For the sake of this, I will use Screaming Frog Log File Analyser that you can download for free from their website but it will only work for up to 1000 rows of 1 project. Since log files are usually massive (depending on your traffic) I would suggest that if you want to start working with log files, buy the pro version and use the full application. For what is worth, I am not an affiliate or I do not have any ties with the tool. I use Sumo Logic for larger clients and Screaming Frog for smaller clients.
Importing Log Files to Screaming Frog
Creating a project and importing log files to a screaming frog log analyzer is an easy and seamless process. Screaming Frog provides you with a list of preselected User-Agents but also provides a list of user agents that you could choose if you want to track or not.
I would suggest leaving this as-is for your first try and once you have a basic idea of how the tool works filter through the data and set your preferences.
Making sense of the data
Importing the log files is one thing and making sense of them is another.
Log file analysis can be a powerful method for SEO and a few of the things that you will be able to find by doing it will support your SEO in the long term.
Here’s a list of things that SEO log file analysis can help you with.
Crawl frequency of specific pages, products, or items that you have on your site. This is an overly underestimated tactic that a lot of SEOs keep on skipping. From personal experience, my opinion is that Google does not waste time crawling the same page numerous times if there is no reason to do so.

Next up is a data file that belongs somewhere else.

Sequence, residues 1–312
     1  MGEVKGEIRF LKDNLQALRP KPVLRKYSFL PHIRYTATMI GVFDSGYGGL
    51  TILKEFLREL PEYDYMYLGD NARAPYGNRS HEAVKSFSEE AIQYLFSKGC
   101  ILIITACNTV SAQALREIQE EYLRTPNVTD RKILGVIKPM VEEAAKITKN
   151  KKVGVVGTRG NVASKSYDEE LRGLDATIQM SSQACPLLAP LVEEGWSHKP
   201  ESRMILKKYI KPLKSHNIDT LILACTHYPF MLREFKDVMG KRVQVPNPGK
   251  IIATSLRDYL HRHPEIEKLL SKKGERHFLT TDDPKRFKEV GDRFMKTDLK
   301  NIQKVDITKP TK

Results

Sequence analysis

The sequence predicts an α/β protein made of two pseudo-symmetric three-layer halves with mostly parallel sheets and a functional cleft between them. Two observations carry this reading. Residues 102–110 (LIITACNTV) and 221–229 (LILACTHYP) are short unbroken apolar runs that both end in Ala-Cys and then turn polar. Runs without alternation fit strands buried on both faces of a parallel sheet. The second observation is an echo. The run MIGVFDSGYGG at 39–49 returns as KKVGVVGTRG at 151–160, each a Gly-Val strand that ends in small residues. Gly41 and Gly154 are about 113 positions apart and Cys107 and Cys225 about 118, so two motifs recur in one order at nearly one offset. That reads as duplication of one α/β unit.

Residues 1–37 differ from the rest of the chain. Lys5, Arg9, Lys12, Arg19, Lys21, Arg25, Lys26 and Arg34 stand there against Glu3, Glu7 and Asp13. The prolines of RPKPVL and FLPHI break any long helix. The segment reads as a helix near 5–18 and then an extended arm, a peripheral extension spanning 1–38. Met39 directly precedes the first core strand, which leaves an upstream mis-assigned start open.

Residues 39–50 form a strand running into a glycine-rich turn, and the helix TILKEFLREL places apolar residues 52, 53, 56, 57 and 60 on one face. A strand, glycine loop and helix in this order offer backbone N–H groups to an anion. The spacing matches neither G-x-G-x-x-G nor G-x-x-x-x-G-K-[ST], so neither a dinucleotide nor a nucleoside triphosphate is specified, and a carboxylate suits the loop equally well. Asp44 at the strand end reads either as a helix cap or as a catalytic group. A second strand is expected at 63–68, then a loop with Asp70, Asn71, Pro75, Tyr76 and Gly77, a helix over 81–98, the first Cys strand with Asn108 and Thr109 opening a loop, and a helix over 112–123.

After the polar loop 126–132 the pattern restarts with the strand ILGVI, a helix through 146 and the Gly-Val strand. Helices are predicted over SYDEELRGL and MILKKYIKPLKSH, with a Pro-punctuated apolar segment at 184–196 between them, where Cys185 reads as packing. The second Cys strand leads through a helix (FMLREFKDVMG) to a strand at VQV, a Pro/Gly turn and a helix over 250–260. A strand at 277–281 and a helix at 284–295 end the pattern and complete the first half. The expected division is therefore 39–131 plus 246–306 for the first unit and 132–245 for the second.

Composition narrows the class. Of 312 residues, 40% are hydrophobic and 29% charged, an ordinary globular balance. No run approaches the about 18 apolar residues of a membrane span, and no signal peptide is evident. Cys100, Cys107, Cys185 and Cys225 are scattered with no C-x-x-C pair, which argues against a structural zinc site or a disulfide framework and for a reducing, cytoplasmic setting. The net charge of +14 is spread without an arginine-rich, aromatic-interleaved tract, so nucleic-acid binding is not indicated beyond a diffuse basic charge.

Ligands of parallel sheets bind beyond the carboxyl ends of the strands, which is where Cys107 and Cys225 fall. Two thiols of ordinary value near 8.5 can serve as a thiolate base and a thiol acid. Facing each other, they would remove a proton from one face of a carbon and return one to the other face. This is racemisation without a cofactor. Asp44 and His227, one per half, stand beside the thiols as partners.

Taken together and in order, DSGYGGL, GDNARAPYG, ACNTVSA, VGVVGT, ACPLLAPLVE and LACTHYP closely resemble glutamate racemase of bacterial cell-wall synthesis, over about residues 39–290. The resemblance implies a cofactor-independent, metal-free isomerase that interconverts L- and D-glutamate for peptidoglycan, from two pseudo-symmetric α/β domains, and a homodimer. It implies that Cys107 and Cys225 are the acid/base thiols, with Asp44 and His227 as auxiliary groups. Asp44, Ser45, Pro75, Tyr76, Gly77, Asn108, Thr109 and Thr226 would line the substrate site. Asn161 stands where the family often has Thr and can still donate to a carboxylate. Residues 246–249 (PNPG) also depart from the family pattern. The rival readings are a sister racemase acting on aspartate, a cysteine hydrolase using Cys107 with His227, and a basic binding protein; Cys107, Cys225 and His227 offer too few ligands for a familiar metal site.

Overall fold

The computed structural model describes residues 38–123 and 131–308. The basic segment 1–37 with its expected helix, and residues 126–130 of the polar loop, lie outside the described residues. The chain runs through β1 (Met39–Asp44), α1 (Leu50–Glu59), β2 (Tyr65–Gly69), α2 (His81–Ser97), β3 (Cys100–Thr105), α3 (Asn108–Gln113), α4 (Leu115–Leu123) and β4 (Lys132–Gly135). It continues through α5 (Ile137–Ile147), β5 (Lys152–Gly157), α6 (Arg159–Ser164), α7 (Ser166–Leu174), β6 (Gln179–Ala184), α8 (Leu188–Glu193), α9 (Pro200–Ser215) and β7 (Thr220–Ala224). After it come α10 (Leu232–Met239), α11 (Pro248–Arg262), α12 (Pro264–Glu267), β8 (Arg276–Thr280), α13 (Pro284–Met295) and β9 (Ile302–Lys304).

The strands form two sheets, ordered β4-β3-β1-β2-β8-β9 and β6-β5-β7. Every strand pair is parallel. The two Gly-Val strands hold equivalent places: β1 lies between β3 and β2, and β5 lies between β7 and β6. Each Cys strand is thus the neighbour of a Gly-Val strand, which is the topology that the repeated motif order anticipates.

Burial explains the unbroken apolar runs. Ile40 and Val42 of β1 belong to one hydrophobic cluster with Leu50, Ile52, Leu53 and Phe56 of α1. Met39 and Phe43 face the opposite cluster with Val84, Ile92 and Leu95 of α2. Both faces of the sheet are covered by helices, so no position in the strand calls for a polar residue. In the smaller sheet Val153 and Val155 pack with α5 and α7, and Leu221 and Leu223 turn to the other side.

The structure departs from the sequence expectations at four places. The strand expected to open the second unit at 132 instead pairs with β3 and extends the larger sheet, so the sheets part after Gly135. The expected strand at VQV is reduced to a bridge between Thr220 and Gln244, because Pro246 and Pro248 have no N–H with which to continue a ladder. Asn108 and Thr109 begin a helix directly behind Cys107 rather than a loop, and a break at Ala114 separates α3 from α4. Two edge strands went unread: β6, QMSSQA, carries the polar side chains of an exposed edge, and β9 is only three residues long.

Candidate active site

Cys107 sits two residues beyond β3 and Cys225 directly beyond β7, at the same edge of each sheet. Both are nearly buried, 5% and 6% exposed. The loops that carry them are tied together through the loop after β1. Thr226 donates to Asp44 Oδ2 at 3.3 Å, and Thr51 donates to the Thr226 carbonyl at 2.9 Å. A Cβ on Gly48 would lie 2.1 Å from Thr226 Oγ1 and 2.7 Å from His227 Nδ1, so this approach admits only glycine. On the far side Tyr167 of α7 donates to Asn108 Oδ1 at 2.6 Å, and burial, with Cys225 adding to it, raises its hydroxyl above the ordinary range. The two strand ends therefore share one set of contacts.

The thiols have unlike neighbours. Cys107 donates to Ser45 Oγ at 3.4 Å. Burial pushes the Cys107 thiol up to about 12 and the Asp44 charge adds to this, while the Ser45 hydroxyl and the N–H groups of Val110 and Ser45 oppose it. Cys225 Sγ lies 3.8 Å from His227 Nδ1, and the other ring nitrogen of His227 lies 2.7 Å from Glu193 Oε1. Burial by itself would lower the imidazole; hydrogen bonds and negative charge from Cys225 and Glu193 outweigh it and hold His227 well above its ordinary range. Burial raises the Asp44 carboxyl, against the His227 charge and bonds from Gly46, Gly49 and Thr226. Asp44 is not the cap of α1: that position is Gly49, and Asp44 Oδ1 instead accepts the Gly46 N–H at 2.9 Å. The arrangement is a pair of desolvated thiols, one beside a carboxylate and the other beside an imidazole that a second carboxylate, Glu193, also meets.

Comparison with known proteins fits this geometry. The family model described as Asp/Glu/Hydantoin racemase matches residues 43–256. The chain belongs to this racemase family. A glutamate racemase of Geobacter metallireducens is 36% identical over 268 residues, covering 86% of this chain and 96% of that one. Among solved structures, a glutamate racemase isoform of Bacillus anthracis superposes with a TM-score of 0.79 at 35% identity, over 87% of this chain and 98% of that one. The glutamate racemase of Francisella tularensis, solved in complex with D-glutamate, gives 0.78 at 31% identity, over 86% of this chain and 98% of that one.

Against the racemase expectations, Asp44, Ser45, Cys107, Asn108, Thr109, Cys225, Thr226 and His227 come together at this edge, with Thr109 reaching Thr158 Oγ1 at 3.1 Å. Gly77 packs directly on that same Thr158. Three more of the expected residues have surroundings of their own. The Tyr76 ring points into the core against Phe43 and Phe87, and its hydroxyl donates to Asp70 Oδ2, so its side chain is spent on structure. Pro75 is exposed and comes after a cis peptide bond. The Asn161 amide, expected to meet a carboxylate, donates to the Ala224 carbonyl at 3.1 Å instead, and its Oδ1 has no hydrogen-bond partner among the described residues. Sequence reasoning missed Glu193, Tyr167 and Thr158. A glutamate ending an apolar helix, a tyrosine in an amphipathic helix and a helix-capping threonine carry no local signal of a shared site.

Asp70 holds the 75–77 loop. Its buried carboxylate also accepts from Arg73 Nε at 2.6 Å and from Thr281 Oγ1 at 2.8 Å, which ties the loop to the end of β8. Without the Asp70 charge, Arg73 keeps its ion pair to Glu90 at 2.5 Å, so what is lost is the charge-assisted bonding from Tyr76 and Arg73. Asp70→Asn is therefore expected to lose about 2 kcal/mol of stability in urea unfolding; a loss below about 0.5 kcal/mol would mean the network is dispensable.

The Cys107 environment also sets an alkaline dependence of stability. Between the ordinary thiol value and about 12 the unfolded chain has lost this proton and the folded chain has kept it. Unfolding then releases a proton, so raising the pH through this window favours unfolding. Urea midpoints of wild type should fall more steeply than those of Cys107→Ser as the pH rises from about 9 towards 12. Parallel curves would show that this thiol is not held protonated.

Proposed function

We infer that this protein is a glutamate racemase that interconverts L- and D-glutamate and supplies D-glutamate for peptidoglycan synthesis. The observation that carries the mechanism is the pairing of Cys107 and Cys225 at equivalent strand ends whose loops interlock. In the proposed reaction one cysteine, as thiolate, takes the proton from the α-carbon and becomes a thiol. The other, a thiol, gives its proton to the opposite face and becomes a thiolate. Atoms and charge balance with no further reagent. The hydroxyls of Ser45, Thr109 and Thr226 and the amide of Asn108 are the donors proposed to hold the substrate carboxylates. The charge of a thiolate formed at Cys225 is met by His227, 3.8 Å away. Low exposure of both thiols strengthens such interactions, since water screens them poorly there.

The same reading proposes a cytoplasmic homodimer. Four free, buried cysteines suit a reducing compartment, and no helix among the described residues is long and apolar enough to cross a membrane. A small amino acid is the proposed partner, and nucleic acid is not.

From experiments that I have performed on client sites (and my own), there is a direct correlation between frequency and rankings.
Identify Errors & Issues
Identify possible errors and issues that engine bots encounter while crawling your site. For example, 4xx or 5xx response codes are a nice start for you to populate a list and go out and fix them.
Errors such as the above will eventually make the URLs that engine bots encountered them, get crawled less and less over time. Make sure to also check for possible redirections that you could resolve.
Crawl Budget Optimization
Crawl budget optimization is a real thing. By excluding low valued pages by being crawled you’ll improve the chances of allowing pages that you want crawled get crawled. Make sure to read my guide on increasing your crawl budget by reducing indexable pages.
Identify Orphan Pages
You can compare a list of URLs with your log file data to identify pages that are not getting crawled. I like having a clean list on a spreadsheet (maybe from a sitemap) and compare with the log files. If a URL is not getting crawled or never got crawled maybe there is time to start checking your information architecture a bit closer.
Identify Slow Pages
You can easily identify pages that take too long to load for Googlebot first hand. No need to swap between 10 different apps (unless you need in-depth analysis). Log files can tell you exactly how long it took for a bot to load the page and how much a page weights.
As I said above, engines don’t like wasting time. If your pages are heavy and they slow down search engine bots then you need to optimize them for speed.
All of the above data are freely available to you right there within your grasp. No need to pay for SEO tools, no need to hire an SEO agency, and this type of information is invaluable for your site to succeed.